Research collaboration over drug for chronic wounds

November 13, 2015

The biotech company Omnio based in Swedish Umeå, and led by researcher Tor Ny at Umeå University, launches a research collaboration with the Canadian pharmaceutical company ProMetic to develop a new drug for slow-healing chronic wounds. The collaboration includes funding for clinical studies of a drug based on the blood plasma protein plasminogen. Researchers will test if plasminogen speeds up wound healing.

"My wish is that we will soon have an efficient drug speeding up the treatment and healing of chronic wounds - a large medical problem causing huge suffering. Speeding up the healing of these wounds would mean a lot to the quality of life for the affected patients. The troublesome, painful and slow-healing diabetic wounds can even lead to the need of amputating a foot," says Tor Ny, researcher at the Department of Medical Biochemistry and Biophysics at Umeå University at Umeå University and founder of Omnio.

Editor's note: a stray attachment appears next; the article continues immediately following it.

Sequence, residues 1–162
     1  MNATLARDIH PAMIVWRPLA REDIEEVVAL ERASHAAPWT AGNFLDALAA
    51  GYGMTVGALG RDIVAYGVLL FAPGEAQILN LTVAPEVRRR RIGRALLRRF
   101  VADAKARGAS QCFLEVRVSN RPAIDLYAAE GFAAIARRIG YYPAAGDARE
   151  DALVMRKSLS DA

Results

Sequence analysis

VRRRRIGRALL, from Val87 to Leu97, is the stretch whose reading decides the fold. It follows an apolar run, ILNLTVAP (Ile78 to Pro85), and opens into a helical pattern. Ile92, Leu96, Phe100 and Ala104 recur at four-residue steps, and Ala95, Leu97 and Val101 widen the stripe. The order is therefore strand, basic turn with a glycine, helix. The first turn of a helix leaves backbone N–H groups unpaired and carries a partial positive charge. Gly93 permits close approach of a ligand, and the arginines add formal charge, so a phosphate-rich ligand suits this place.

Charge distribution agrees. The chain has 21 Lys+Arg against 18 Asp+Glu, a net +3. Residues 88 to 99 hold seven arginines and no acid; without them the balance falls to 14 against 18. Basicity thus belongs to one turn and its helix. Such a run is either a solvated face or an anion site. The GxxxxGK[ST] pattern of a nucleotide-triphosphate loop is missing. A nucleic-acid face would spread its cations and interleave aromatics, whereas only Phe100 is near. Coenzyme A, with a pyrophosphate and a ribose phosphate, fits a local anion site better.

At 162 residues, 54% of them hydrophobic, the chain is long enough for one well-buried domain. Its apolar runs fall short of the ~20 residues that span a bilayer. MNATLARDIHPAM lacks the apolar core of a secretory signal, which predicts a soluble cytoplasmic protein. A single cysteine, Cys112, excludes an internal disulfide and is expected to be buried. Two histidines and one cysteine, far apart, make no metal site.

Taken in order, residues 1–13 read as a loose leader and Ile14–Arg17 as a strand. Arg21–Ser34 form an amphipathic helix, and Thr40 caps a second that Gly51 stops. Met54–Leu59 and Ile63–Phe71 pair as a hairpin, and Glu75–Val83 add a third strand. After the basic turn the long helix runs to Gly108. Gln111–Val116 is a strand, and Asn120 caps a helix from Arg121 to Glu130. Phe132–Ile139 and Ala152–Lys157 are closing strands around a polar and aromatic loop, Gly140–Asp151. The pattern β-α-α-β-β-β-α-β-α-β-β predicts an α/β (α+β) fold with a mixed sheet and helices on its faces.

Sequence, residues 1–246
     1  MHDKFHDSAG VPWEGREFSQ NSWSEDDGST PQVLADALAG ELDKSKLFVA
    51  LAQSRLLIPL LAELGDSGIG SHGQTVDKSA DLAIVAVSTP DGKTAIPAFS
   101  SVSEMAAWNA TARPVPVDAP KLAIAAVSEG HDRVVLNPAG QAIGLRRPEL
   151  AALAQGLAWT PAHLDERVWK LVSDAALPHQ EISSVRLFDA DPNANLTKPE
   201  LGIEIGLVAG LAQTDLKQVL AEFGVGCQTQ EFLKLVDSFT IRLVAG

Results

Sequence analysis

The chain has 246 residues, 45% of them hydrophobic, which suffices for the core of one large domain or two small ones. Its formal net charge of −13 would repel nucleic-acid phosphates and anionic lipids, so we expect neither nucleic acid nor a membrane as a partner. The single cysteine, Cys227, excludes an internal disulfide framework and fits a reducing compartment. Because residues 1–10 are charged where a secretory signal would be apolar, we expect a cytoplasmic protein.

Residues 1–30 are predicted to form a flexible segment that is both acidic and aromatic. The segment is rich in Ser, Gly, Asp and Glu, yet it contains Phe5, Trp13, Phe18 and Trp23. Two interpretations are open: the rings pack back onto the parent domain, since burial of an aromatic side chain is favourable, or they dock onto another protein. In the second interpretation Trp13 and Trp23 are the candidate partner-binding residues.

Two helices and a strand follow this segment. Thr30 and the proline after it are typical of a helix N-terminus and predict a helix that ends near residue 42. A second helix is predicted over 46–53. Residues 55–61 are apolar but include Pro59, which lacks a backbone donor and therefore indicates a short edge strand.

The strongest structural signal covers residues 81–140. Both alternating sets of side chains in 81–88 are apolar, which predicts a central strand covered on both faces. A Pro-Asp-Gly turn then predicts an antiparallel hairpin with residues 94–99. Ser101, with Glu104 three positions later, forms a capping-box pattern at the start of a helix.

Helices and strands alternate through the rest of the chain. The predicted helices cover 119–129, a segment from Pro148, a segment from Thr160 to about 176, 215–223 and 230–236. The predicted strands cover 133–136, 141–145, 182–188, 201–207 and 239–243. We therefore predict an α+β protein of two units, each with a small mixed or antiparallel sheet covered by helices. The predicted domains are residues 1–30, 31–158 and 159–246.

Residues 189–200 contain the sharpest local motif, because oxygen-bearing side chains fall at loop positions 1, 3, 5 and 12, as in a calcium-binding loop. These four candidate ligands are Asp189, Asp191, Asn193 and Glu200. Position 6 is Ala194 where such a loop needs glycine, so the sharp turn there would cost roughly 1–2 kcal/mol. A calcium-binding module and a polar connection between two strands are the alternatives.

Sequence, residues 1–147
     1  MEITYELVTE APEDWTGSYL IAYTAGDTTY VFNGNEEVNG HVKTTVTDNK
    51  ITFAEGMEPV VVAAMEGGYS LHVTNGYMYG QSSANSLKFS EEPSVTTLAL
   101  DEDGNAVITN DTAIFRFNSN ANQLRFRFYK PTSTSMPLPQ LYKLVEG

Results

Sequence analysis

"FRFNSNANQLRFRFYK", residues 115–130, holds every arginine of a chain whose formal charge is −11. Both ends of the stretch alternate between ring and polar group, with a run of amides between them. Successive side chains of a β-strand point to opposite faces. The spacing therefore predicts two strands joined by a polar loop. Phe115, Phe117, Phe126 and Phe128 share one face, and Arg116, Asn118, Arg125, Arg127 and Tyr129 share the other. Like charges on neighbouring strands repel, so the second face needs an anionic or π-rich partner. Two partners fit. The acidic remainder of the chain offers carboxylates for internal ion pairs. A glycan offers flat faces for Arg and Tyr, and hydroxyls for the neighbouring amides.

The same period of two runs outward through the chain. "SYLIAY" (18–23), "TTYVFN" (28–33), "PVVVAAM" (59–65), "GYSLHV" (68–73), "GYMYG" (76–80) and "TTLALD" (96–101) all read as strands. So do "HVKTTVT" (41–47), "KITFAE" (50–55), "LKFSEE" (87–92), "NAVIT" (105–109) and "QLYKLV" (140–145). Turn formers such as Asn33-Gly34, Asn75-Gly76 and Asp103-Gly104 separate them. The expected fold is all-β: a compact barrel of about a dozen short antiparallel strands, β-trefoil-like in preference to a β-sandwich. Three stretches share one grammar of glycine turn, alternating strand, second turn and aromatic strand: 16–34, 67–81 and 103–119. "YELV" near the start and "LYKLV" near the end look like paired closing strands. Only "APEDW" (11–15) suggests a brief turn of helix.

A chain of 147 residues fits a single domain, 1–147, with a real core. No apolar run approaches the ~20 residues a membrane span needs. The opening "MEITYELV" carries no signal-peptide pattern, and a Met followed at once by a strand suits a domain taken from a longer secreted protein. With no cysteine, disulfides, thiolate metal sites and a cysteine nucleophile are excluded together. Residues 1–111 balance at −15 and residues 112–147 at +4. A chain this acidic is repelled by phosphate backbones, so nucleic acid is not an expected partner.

The establishment of a research centre also falls under the longterm collaboration. This centre will be managed by Omnio in collaboration with Umeå University and involve research on what role the protein plasminogen has in the healing of various slow-healing wounds such as diabetic wounds and bedsore.

Other than the increased funding, the Umeå researchers are secured access to GMP-grade plasminogen which has been tested and is safe to use in clinical studies. The research team is planning on initiating clinical studies on people in the second half of 2016 and hope that tests in this final stage of research will prove successful.

Diabetics are at higher risk of developing foot ulcers due to lack of feeling in the foot and nerve damage. Vascular disease can also complicate a foot ulcer and lead to a reduced ability to heal. Diabetic wounds that do not heal necessitate an estimated 10 million amputations worldwide per year.

About plasminogen

Plasminogen is a naturally occurring protein that is synthesized by the liver and circulates in the blood. In its activated form, so-called plasmin, it is an important enzyme involved in the lysis of blood clots and wound healing.

Umea University

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